We often treat people receiving IMS for acute pain in conjunction with acupuncture and the two systems can work well together.

Chinese Herbal Medicine

Chinese Herbal Medicine is the perfect compliment to acupuncture. Acupuncture involves treatment on the surface or ‘yang’ aspect of the body whereas herbs are taken into the body to have a direct effect on the internal or ‘yin’ aspect. Custom prescriptions are typically composed for each individual according to their constitution and illness. These prescriptions are usually comprised of a standard classical formula modified for the individual. The herbs are chosen according to TCM principles and work together synergistically to address the patient’s pattern of disharmony. Herbal medicines can be used to help fight an acute or chronic illness or to strengthen the body in order to prevent illness. Prescriptions can be filled in the form of raw herbs, powders, capsules or pills to suit the lifestyle of the patient.


Cupping uses suction applied to glass or plastic cups to pull up the tissue in an area of stagnation on the body. The suction causes the skin to be sucked partway into the cup and you will feel a tightening sensation in the area of the cup that often feels very good. The cups are left in place for a short period or moved around on your back in a gliding motion. Cupping is usually combined with an acupuncture treatment and is helpful for many conditions including stress, shoulder pain, colds, back pain, anxiety and muscle aches. Cupping increases the flow of blood locally and releases the myofascial tissue to relieve pain and encourage fresh circulation. Cupping can leave bruises or discoloration on the skin which is harmless and usually disappears within a week.


Moxibustion involves the burning of mugwort, a small spongy herb, to facilitate healing. There are various ways to apply moxa. Direct moxa involves burning a small cone directly on the acupuncture point. Indirect moxa involves lighting one end of a cigar shaped stick of moxa and holding it over the desired point or meridian until the patient feels localized heat. Another way to use moxa is to attach it to the shaft of the acupuncture needle and light it. There is no flame but the moxa smolders and creates heat that travels down the needle. Moxibustion is an ancient technique used to expel cold, warm the meridians, and encourage good circulation. In the modern clinic carbonized moxa sticks (smokeless moxa) are normally used in order to avoid filling the clinic with smoke. A landmark study in the Journal of the American Medical Association found that up to 75% of women with breech presentations before childbirth had babies that rotated to the normal position after receiving moxibustion at a specific acupuncture point.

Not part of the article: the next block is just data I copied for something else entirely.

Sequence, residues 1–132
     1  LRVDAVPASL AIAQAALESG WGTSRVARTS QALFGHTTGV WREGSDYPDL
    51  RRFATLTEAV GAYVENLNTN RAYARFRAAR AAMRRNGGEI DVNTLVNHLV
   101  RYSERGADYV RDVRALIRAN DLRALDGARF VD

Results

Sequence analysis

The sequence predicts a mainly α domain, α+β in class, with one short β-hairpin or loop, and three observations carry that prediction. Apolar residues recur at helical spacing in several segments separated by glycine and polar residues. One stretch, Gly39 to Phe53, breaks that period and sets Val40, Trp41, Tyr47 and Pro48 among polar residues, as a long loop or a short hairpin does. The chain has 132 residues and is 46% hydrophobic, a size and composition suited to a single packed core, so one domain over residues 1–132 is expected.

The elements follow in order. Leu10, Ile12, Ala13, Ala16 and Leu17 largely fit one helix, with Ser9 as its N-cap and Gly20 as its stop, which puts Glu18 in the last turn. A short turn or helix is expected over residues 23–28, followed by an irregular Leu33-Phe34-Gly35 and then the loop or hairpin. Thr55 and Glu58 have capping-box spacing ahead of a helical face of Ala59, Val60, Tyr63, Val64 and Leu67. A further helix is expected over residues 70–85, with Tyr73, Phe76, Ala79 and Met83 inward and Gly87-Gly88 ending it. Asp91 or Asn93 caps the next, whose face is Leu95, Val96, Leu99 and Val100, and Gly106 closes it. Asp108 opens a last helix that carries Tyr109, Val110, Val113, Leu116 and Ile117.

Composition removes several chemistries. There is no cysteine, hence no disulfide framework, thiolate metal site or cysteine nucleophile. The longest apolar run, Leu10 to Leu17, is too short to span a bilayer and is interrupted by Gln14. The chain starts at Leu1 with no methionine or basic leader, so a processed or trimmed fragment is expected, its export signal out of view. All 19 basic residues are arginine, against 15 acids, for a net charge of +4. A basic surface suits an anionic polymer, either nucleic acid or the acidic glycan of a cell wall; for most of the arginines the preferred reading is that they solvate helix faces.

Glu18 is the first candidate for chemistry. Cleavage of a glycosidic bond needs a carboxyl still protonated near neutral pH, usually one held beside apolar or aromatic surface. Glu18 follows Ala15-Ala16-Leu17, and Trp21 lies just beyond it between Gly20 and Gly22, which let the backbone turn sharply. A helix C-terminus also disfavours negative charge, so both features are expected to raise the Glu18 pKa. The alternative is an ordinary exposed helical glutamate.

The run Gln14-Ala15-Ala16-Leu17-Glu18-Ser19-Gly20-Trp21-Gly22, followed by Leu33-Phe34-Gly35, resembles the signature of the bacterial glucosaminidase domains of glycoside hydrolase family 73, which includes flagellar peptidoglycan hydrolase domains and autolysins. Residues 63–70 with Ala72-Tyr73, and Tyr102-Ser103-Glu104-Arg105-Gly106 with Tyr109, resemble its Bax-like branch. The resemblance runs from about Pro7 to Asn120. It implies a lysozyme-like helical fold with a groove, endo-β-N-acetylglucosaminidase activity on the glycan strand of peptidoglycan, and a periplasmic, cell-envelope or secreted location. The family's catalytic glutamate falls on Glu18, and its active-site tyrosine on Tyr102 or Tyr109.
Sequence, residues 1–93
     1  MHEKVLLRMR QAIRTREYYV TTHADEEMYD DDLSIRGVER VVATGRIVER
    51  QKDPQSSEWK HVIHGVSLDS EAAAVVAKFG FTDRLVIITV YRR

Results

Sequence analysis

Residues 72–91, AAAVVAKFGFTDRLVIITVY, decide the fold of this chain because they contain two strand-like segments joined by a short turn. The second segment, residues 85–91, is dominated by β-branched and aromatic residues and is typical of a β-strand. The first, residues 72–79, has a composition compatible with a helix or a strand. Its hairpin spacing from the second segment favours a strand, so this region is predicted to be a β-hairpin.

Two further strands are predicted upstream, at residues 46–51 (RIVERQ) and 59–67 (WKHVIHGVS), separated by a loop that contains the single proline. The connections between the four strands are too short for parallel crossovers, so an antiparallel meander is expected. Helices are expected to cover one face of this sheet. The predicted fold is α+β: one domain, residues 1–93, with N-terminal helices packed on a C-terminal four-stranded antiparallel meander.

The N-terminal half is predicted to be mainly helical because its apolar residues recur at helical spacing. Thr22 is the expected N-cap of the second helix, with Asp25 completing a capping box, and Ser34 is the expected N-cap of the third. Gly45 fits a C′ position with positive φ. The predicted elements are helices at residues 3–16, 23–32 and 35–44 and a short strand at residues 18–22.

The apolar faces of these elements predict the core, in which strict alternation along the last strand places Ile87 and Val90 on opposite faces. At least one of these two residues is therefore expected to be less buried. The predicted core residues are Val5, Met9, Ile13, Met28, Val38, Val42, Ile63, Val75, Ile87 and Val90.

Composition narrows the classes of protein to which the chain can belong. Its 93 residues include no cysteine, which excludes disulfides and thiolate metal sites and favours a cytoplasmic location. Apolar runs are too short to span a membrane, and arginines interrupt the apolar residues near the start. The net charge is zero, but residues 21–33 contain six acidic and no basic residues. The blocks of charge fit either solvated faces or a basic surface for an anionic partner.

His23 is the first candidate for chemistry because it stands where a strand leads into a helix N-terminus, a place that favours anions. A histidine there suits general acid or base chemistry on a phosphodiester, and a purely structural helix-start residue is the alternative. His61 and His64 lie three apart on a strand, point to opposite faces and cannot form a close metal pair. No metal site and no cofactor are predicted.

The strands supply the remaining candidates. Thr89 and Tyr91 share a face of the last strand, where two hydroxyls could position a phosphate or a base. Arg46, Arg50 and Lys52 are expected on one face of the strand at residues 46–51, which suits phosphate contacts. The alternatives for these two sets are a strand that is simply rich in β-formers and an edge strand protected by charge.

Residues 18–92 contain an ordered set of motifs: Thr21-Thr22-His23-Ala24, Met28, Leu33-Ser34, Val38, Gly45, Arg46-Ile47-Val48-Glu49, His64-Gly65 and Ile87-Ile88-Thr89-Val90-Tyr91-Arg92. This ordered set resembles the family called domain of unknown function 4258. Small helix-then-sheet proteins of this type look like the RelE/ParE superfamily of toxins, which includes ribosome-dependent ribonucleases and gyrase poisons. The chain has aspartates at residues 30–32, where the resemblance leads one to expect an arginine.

Tuina Massage

Tuina is a form of Chinese manipulative therapy often used in conjunction with acupuncture, moxibustion, cupping, herbalism, tai chi, and qi gong. It is a hands-on body treatment that uses Chinese medical principles in an effort to restore balance and get energy or ‘qi’ moving in the meridians and in the muscles. The practitioner can use range of motion, traction and massage along with stimulation of acupressure points. These techniques are claimed to aid in treatment of both acute and chronic musculoskeletal conditions as well as many non-musculoskeletal conditions such as pancreatitis, migraines, and menstrual pain, to name a few. Tuina is an integral part of TCM and is taught in TCM schools as part of formal training in Oriental medicine.